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Claire’s journal:

We finally made it to the palace at Versailles!  It is so beautiful and overwhelming with over 19,000 acres of land.  I understand that it started as a hunting lodge.  I hope we don’t see any wild animals.  I’m a little scared.  Anyway, I can’t wait to visit the Hall of Mirrors.  The old man back home told us that there are over 300 mirrors lining the walls under 17 archways.  It was rare for people to see themselves from head to toe in mirrors when it was built, and I tell you, I can’t wait to see myself in all those mirrors.  I haven’t seen myself in a full length mirror since we left home.

Roger’s journal:

We saw the place a mile back before we even got to it.  It was huge; I’ve never seen anything like it before.  I can’t believe that people can make stones look like people; there’s over 400 freestanding stone people around this estate.  Maybe this is what the old man back home calls ‘sculpture.’  Oh, and there’s a garden with orange trees!  How did they get orange trees this far north?  The sheer extravagance of this palace is unheard of back home.  Everywhere you look is marble and gilded decorations.  This art stuff is amazing.

Versailles (17th century)

The Palace at Versailles, gardens and palace, take up around 19,262 acres just outside Paris, France. Versailles had a humble beginning as a hunting lodge built for Louis XIII. His son, Louis XIV saw it’s potential and expanded turning the lodge into this over the top grand palace. Versailles became the epitome of French baroque architecture and decoration. He spared no expense as a show of his power and wealth. With its Grand Apartments and Hall of Mirrors Louis XIV built the palace to impress all who walked in. He used the palace not only as a place of residence but a symbol of power forcing the French aristocracy to spend most of their time there seated in the lap of luxury. In the hall of mirrors, 357 mirrors line the walls filling the 17 archways below the extravagantly painted ceiling. Everywhere around the palace is filled with opulence and grandeur. With a building so opulent the surrounding land had to follow suit. Versailles is surrounded with perfectly manicured gardens fitting the extravagance of the palace. Louis XIV even had an orange grove built where the trees are in individual pots due to the cold winters. Among the gardens are amazing 1,400 fountains made from immaculate sculptures. Apart from the fountains are 400 other sculptures that stand-alone. Around the palace other rulers had smaller buildings built to escape the court life.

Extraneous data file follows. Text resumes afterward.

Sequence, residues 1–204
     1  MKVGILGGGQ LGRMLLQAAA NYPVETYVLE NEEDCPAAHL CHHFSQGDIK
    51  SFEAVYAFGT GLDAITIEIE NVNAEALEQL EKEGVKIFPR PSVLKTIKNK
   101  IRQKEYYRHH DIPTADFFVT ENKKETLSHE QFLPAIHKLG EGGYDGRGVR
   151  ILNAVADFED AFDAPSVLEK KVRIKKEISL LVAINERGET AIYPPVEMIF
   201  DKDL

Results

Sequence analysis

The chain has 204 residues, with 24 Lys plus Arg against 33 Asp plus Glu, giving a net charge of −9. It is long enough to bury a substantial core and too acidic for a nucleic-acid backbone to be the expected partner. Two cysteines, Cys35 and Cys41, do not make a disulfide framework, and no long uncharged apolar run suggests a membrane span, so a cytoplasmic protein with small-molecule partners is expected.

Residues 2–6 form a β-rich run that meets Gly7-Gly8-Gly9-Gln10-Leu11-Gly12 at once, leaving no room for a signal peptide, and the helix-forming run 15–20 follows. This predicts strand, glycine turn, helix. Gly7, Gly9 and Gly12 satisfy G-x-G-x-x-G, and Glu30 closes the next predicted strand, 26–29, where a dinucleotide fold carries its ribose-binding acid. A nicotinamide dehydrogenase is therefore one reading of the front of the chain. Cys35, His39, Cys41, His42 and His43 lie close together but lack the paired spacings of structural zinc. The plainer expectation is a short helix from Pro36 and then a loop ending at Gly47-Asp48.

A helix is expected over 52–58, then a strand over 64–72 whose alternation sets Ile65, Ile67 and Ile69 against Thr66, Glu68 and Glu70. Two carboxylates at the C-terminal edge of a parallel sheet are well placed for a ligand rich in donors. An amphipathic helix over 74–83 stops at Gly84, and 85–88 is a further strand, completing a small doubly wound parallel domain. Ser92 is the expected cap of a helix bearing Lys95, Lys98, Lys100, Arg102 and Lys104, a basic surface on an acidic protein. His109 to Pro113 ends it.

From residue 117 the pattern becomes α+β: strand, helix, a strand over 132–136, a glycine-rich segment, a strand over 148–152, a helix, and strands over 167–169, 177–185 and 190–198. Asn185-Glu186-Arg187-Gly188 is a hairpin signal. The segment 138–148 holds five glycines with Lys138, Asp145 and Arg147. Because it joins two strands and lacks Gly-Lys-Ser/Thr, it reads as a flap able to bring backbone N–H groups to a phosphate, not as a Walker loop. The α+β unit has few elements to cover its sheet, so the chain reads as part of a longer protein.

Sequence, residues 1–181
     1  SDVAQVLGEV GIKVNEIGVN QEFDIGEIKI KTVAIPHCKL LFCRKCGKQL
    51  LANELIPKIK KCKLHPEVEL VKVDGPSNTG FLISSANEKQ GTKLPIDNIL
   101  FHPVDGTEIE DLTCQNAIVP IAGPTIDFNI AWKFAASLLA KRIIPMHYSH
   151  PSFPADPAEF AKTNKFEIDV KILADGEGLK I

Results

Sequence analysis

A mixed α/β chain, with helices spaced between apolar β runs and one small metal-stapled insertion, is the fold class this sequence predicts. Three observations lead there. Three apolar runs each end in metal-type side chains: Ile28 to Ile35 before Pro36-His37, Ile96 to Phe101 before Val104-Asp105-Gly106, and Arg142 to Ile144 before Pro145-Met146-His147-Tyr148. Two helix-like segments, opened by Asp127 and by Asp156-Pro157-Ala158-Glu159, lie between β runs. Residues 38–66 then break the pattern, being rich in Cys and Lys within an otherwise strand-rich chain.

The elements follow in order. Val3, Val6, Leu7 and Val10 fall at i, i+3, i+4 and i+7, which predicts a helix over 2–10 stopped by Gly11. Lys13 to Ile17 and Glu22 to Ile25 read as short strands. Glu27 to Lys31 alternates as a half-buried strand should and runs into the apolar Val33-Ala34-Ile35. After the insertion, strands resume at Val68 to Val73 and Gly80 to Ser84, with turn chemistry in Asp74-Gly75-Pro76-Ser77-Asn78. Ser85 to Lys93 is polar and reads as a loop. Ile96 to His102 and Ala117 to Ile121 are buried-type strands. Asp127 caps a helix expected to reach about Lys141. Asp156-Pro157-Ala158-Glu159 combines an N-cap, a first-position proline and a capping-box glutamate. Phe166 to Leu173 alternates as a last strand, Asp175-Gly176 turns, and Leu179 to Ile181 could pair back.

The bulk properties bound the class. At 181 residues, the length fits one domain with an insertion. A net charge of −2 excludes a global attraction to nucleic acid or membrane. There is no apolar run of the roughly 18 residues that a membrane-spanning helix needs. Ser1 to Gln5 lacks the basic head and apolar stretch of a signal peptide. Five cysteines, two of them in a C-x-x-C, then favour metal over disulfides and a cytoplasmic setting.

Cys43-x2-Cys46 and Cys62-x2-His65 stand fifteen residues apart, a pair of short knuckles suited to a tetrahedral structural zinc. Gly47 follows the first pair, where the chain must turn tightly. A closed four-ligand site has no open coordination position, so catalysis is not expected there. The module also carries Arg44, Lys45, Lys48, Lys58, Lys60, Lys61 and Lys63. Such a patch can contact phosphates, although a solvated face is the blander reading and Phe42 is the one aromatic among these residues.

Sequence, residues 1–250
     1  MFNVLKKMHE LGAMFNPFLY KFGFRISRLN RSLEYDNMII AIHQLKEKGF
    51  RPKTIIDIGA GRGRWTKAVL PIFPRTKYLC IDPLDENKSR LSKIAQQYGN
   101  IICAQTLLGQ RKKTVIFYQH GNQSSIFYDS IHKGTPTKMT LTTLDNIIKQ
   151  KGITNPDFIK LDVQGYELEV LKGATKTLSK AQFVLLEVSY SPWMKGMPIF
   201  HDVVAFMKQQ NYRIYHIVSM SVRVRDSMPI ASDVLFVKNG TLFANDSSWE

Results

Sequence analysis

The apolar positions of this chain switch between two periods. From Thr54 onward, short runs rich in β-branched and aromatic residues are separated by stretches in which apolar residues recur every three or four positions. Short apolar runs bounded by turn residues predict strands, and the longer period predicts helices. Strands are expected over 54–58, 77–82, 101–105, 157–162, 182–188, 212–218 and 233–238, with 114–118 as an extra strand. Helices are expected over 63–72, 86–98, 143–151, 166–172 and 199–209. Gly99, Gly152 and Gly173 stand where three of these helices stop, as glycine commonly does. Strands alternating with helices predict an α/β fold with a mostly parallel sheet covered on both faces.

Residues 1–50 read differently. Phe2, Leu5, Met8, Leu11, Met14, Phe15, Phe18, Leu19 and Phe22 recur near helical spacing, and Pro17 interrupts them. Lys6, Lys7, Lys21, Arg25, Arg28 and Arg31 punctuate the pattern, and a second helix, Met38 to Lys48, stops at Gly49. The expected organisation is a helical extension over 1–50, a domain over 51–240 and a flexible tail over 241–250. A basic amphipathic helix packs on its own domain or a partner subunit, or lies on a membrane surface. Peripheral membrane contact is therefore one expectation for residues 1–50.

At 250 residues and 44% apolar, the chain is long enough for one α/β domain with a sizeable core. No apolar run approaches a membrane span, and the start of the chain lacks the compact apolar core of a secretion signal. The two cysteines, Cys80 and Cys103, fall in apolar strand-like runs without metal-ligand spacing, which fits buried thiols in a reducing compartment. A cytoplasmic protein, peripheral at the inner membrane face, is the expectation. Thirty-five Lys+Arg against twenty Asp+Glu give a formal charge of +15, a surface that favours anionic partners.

Using the port-key, our travelers decide to fast forward to the 18th century to learn about society in the Rococo period.  They travel to Paris, where the aristocracy loves to play.